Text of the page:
The number of cyberattacks against companies and government offices has been increasing in Japan since March, ahead of a Group of Seven summit the country is set to host in May, sources familiar with the matter said Saturday.
Troubles caused by distributed denial-of-service (DDoS) attacks, which attempt to disrupt the online traffic of a server or network by overwhelming it with data, were mostly fixed quickly, the sources said.
"There is a possibility that (Japan) is being targeted as the host of the G7 summit, and we have warned relevant organizations to stay alert," an official at the National Center of Incident Readiness and Strategy for Cybersecurity said.
Tsunehiko Suzuki, a professor of information engineering at Chukyo University, said the attacks may have come as part of preparations for launching a full-scale attack.
The series of attacks began around March 14 and are still ongoing, he said.
The summit will be held in Hiroshima between May 19 and 21, bringing together the leaders of Britain, Canada, France, Germany, Italy, Japan and the United States, plus the European Union.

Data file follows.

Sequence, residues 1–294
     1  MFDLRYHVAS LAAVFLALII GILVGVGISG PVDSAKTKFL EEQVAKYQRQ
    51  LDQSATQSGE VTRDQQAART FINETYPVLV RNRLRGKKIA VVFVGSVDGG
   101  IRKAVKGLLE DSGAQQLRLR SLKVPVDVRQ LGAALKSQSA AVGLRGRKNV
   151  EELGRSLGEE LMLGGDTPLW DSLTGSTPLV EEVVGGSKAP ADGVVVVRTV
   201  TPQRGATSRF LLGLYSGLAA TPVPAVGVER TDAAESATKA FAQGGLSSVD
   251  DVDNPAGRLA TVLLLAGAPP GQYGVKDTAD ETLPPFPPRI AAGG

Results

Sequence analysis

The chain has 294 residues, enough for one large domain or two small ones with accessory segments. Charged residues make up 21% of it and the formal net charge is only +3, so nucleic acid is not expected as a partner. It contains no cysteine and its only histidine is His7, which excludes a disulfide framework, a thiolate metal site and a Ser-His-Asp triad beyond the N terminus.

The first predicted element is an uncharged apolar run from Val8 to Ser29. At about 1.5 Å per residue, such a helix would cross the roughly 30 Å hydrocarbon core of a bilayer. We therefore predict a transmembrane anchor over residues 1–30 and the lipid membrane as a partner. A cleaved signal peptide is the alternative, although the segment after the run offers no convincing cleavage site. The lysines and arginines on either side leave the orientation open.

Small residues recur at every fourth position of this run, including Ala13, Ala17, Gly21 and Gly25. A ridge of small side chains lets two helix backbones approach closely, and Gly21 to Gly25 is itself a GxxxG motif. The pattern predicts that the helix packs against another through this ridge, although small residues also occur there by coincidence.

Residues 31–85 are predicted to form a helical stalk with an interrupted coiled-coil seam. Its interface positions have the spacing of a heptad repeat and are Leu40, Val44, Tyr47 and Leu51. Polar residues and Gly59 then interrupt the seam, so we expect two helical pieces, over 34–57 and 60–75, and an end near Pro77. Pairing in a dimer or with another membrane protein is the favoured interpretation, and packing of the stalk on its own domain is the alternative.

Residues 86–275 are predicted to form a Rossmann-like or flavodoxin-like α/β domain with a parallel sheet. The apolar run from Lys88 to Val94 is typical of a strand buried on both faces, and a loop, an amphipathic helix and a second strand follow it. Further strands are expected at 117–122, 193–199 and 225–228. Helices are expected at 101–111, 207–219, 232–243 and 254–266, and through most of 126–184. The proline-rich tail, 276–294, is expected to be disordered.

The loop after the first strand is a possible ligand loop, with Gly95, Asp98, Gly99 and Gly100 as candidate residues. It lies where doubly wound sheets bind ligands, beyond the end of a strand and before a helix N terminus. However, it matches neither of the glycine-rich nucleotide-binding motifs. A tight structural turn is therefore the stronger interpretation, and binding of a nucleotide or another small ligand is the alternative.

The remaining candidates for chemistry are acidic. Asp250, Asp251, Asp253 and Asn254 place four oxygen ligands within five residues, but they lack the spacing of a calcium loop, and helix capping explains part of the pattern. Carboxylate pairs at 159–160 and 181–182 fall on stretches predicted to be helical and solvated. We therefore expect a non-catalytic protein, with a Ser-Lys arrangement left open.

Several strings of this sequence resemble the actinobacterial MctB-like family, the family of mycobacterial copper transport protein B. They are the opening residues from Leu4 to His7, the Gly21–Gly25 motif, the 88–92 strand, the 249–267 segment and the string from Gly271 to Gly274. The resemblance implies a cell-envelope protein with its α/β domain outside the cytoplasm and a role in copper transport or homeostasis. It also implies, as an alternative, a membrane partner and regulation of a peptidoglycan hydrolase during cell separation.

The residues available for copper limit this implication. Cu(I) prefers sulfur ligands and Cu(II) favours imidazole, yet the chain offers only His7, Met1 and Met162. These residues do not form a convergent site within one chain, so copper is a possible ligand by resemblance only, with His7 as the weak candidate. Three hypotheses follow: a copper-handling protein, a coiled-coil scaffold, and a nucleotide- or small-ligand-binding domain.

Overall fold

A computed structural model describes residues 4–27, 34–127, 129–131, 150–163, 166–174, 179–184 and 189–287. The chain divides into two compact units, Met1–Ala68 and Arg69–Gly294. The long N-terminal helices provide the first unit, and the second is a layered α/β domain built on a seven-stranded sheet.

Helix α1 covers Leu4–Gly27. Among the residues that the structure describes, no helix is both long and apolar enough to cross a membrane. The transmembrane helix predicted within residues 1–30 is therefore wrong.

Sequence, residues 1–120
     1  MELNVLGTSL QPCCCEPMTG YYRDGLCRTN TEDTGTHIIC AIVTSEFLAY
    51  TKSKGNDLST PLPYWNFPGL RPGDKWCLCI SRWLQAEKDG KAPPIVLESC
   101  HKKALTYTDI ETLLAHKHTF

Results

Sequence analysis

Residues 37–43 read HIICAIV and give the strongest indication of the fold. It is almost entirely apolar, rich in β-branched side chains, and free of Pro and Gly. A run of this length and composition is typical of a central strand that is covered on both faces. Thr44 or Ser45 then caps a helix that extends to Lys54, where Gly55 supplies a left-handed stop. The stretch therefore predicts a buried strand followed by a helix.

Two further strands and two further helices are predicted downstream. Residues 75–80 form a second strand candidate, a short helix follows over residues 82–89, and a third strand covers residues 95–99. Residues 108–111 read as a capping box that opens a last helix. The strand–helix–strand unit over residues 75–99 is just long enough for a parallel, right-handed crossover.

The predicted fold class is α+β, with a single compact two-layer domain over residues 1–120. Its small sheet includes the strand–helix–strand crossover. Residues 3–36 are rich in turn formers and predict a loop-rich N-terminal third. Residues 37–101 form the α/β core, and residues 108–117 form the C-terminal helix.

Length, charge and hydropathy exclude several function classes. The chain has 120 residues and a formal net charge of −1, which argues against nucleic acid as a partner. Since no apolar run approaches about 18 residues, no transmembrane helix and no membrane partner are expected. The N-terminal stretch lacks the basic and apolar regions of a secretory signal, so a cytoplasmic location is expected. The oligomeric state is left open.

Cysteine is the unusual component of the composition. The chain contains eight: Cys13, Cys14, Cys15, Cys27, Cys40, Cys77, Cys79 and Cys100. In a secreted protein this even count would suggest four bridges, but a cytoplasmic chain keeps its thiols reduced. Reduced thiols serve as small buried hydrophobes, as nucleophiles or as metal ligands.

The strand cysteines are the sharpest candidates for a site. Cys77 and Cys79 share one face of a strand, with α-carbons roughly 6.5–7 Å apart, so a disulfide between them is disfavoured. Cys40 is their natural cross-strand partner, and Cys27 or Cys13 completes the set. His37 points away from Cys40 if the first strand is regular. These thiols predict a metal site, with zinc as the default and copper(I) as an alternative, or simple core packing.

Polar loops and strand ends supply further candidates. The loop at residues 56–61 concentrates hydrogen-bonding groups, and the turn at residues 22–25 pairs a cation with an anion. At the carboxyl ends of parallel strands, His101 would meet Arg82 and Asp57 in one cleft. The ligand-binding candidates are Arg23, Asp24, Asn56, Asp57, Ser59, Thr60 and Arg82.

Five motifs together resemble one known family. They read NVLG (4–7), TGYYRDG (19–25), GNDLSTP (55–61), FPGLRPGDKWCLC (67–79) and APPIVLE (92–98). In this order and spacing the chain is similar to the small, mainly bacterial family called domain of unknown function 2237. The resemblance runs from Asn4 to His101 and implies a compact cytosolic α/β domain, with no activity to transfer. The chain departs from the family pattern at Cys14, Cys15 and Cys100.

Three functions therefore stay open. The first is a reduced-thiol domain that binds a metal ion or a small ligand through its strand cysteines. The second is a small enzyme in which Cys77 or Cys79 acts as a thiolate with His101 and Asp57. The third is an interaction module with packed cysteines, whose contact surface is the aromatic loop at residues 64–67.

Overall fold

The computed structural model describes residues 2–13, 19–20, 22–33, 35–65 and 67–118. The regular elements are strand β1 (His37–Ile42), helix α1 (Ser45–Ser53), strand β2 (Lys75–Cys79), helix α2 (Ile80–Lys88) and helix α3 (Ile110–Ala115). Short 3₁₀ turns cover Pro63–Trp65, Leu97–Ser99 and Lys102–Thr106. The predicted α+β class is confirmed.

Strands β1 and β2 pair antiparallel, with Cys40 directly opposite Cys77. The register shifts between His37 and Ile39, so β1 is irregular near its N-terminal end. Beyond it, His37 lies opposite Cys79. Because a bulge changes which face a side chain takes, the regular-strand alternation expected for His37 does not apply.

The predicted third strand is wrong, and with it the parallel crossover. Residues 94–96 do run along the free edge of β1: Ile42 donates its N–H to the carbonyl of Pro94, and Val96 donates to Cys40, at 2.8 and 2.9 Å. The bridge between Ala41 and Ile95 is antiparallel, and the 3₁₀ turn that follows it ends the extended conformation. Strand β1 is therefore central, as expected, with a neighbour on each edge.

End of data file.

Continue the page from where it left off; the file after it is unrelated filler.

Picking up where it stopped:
West Japan Railway was attacked between April 20 and 21, while Tokyo Electric Power Company Holdings was similarly affected on April 22, with their websites briefly becoming inaccessible.
Some local governments, including Osaka, Aichi and Kumamoto prefectures, also came under attack. In Nara, prefectural and municipal officials suffered a delay in email servers and could not access the internet following an attack Wednesday.
Some websites of central government offices, including one for the Cabinet Office's public relations, were also affected.
It is believed that the same hacker group carried out the attacks due to the similarity of methods employed in the incidents, the sources said.